When I retired my goal was to return the pastures on my land to native grasses and wild flowers and harvest those seeds and sell them as my retire-ability. Life happens after you retire with tractors in and out of service, brushhogging stalled because of weather for weeks on end and my spot on the big controlled burn list further delayed, not forgetting the years we experienced burn bans. All this to say some of my pastures now look as my dad used to say, "like a widow-woman lived there."
The panic attack came after driving through the fields and finding plants I had never seen before. I pulled some out of the ground and headed to the Oklahoma State University Extension Office in the Craig County Courthouse to inquire what on earth had invaded my land. The stuff was not easy to pull up. It was long, some 3 feet long, but though tough, it had a wonderfully velvety feel. The official at the Extension Office knew what it was, and what I heard was PANIC-something. Panicking was what I was feeling when I walked in there and certainly even more so when leaving.
Walter White, the Ag Agent for Craig County explained it was a type of Panicum, one of 450 varieties of the invasive species. He said I might have several types of it in a single field. Invasive species are commonly referred to as non-native, alien, and exotic species new to an ecosystem and likely to cause economic or environmental damage according to the National Parks Service.
What I learned didn't help me feel any better. According to the USDA, Panicum flowering occurs nearly year round and the fruits are small about 0.07 in. (1.8 mm). An article in the Smithsonian noted that since the beginning of the 20th century, the growing season in many areas of the lower 48 states has expanded by about two weeks. Frosts end earlier in the spring and begin later in the fall which helps invasive plants "annex" American soil because they are highly flexible and respond to unusual environments, being generalists and highly adaptable, taking advantage of change and disturbance.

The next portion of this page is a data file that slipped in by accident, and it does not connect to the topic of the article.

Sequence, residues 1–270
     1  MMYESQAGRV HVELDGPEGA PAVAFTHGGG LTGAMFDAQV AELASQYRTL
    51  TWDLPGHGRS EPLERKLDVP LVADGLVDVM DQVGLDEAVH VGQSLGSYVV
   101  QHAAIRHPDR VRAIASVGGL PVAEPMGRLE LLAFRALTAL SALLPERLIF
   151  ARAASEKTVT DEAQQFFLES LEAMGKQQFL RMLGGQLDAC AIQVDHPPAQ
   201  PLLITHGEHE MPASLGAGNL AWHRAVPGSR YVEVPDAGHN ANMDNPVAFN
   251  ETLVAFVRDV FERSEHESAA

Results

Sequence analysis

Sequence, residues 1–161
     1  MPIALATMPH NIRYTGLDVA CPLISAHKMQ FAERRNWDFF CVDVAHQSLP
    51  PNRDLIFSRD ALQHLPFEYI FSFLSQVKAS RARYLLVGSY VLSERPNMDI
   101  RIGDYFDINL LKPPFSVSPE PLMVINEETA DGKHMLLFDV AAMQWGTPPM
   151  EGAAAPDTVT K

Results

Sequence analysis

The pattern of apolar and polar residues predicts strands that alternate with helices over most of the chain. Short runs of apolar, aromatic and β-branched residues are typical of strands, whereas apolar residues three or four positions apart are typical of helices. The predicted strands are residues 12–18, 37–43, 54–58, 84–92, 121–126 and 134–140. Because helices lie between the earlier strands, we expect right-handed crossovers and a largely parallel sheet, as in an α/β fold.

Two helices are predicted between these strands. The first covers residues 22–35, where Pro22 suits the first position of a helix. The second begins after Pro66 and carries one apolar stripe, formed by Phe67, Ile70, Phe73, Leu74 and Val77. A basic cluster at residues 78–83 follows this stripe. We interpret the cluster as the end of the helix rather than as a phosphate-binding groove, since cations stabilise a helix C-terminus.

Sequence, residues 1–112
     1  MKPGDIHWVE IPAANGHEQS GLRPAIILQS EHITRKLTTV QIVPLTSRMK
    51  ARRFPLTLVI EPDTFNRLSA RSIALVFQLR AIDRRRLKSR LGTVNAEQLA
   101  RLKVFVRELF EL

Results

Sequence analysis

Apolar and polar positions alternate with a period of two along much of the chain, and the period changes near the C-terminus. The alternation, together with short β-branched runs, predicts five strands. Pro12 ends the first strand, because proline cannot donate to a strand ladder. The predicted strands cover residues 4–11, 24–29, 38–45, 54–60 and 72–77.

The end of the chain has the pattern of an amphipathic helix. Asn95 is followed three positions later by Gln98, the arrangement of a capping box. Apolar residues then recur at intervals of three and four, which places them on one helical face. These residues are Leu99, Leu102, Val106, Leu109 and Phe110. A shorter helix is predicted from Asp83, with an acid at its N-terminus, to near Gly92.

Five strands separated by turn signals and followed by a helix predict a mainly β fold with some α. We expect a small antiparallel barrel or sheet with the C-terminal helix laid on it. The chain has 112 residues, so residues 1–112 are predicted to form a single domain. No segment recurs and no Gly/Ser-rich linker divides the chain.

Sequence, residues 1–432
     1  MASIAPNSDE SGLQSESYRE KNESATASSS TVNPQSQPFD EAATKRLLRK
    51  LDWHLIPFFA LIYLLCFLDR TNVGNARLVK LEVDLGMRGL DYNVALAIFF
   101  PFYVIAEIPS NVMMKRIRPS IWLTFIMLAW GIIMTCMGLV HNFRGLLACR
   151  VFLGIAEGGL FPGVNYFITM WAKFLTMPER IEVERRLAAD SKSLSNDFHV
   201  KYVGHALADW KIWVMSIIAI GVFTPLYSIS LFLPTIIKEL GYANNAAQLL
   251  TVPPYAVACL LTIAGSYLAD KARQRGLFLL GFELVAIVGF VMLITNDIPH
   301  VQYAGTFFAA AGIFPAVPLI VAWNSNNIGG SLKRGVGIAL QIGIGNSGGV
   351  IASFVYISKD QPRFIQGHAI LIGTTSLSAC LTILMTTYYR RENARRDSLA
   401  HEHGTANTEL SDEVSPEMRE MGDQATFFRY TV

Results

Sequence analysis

One of the changes they take advantage of is change in the climate. Climate change refers to a significant long-term shift in weather variables and includes not only shifts in mean conditions (e.g., increasing mean annual temperature and sea level) but also changes in climate variability (e.g., more intense storms and flooding).
There are a lot of people who do not believe in climate change, but they must not be living in the country and seeing what I am seeing. My piney wood forest is dying. After planting over 50 and seeing them all reach the sky, they are being killed by the pine bark beetle, the same one that is killing the pines in the Black Hills, the Rocky Mountains and the forests throughout Canada, leaving dead wood to feed forest fires.
Walk across the yard, through the field and experience the gouging and great holes the armadillos are digging. I first saw one when a little girl outside Brownsville, Texas near the Mexican border, and now they are well established in northeast Oklahoma and beyond. Consider the honeysuckle invasion I discovered when looking for the old magical tree in the gully and finding it was like walking through unfinished baskets, the vines so entwined near it and the vines weighting down and changing the shape of young trees nearby.
My grandmother came to visit us when we lived in west Texas and saw we had a trumpet vine growing to produce shade on the porch and immediately said, "Get the ax." Remembering those words, I have been watchful all these years when first seeing trumpet vines on fence rows in the county. Just 2 weeks ago, I discovered the first blooms on the back fence and am going back with the chain saw, forget the ax!
There are also predictions of more ticks and more toxic poison ivy being made by the National Wildlife Federation due to the changes in temperatures. We are living in a climate of denial to not accept there is something big happening around us. This is also a topic we will all learn more about at the 19th National Environmental Conference at Tar Creek September 26 and 27 at NEO College.
According to NASA, scientists think we can do things to stop the climate from changing as much by using less energy and water and by planting trees. Another way to help is by learning about Earth. The more you know about Earth, the more you can help solve climate problems.
To deal with this piece of climate change on my land, we are going to isolate and burn the patches of panicum in the early spring and hope the native grasses will get ahead of it. Until then, I am going to brushhog a bit of it, then park the tractor and clean off every one of the tiny seeds and burn them before going back out to the pasture to do more. Yep. I am working through my panic attack.
Respectfully Submitted ~ Rebecca Jim
Rebecca Jim is executive director of the LEAD Agency.